Moscow Mayor Bill Lambert is one of many local government officials across the state who says essential city and county services will be restricted if legislation that would freeze Idaho property tax rates is adopted.
The House Revenue and Taxation Committee recommended last week approval of House Bill 409, which is sponsored by House Majority Leader Mike Moyle, R-Star.
The House will vote on the bill as early as Tuesday.
The legislation would freeze the property tax portion of a taxing district’s budget at 2020 levels for one year with the exception of school taxing districts. It would not freeze property tax bills for individual homeowners.
Almost all private residents who testified on the bill supported the freeze, according to the Lewiston Tribune.
Lambert said services, such as police and fire, are things communities need.
“The problem is when we make cuts you usually get rid of popular services or cut back on services in order for it to work,” Lambert said.
He said “shotgun approaches,” such as the proposed property tax freeze, “come back and bite us and haunt us.” Lambert said tax reform — not a tax cut or gain — is what is needed.
“His idea of getting cities and counties involved is just to tell them what they’re going to do,” Lambert said of Moyle. “He really doesn’t like anybody coming to the table with other ideas.”
Lambert wrote a letter to Rep. Caroline Troy, R-Genesee, and Rep. Bill Goesling, R-Moscow, earlier this month asking them to oppose House property tax bills 353 and 355, which were also introduced by the House Revenue and Taxation Committee.
House Bill 409 replaced 355, which proposed freezing property tax budgets for fiscal year 2021. The only difference is 355 included school taxing district freezes.
House Bill 353 is still in the Revenue and Taxation Committee.
“Both bills create bad law and seek to restrict the essential services provided by cities and counties to our citizens,” Lambert wrote.
House Bill 353 would cap property tax growth at 3 percent per year, which is the current law, but would prohibit local governments from taking revenue amounts for new construction and annexations.
“The practical effect of this flawed legislation places the increased costs of providing services to newly constructed homes and businesses and annexed properties on the existing tax base,” Lambert wrote. “It is a basic tenet that growth must pay for the additional services that the growth requires. It is unfair to expect that the current tax base should pay for those additional services.”
Moscow takes a much lower portion of property tax dollars than virtually all other Idaho cities of comparable size based on its low levy rate and the makeup of property ownership in the city, Lambert wrote.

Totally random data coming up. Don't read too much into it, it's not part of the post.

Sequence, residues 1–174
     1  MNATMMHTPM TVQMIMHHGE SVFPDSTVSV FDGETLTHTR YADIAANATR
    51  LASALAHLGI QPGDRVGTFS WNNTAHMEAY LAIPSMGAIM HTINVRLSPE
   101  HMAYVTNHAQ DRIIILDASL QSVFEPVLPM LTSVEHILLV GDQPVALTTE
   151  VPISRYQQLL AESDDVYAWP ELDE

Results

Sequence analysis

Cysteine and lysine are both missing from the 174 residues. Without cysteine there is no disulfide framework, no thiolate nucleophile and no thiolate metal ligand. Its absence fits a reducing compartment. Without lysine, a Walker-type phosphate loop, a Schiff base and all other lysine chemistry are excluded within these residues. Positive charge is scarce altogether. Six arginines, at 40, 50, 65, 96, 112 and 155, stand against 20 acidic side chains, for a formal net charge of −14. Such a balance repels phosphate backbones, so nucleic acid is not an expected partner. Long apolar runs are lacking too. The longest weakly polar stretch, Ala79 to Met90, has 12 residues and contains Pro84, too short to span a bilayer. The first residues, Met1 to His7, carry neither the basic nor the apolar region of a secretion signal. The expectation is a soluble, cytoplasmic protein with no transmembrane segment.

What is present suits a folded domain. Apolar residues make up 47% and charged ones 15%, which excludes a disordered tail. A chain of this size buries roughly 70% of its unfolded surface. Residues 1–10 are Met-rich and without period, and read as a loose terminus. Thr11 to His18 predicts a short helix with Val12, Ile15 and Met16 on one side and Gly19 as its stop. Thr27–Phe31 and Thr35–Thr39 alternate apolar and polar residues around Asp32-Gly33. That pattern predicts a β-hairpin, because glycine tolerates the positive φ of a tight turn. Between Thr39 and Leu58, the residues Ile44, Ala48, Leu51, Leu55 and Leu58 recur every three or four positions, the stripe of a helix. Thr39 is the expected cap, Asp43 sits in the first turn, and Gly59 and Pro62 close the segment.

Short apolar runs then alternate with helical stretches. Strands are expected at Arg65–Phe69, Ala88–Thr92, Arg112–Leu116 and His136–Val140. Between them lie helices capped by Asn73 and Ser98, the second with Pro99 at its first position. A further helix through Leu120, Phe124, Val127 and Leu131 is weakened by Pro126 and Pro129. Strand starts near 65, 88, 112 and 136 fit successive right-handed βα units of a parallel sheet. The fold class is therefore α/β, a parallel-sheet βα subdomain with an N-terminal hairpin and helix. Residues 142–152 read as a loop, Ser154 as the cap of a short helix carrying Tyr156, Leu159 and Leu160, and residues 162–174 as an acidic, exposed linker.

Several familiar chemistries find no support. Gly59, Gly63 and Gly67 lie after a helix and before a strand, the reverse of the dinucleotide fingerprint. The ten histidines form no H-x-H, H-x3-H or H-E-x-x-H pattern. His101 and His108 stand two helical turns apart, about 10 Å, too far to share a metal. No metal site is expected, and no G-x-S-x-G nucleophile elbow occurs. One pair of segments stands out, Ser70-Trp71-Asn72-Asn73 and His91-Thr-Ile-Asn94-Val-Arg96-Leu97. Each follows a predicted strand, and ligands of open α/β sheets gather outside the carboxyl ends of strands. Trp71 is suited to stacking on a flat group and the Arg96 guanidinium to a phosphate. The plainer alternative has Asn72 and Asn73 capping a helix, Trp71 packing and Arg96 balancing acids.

The city’s levy rate in fiscal year 2018 was $4.92 compared to a state average of $7.35. The levy amount used to serve the entire city is paid by about 50 percent of property owners within the community because of the large number of tax-exempt properties, such as university and church properties.
Lambert also challenged the Legislature in his letter to allow local governments the authority to implement a voter-approved local option sales tax, which will help reduce dependence on property taxes. A local option sales tax is often used as a means of raising money for local projects.
Goesling said last week he opposes House Bills 353 and 355 but could not immediately be reached for comment regarding 409.
“It hits our community really hard,” he said of the two bills.
Goesling said he believes large Idaho cities are comfortable with the two bills. But towns like Moscow and Plummer need that extra revenue to operate each year.
“I think if we’re going to really resolve this whole real estate tax situation, it’s got to be a cooperative process between the state and the counties,” Goesling said. “And we’ve got to get this finger pointing at each other behind us.”
Goesling agreed with Lambert that a local option sales tax is appropriate. He said he is also interested in the benefits of an impact fee, which is a fee imposed by a local government on a new development project to pay for all or part of the costs of providing public services to the development.
Troy said two weeks ago she was leaning toward opposing 353 and 355, and she shared the same opinion Friday regarding 409.
However, she said, there is a great deal of concern about rising property taxes and the impact they are especially having on residents with fixed incomes.
Troy said officials need to continue to look for solutions that work best around the state, not just in areas that are growing the most, such as the Treasure Valley.
She said Lambert’s letter reinforces her beliefs.
She recently met with members of the Latah and Benewah counties highway districts, and they expressed concern about how they will continue to maintain roads. Genesee and Plummer mayors have also voiced the same worries as Lambert.
“This is more than just a Moscow problem,” said Troy, who along with Goesling, represents Latah and Benewah counties. “This is certainly something that mayors around the district have felt strong enough about and then the highway districts have felt strong enough about to reach out to us.”
Garrett Cabeza can be reached at (208) 883-4631, or by email to firstname.lastname@example.org.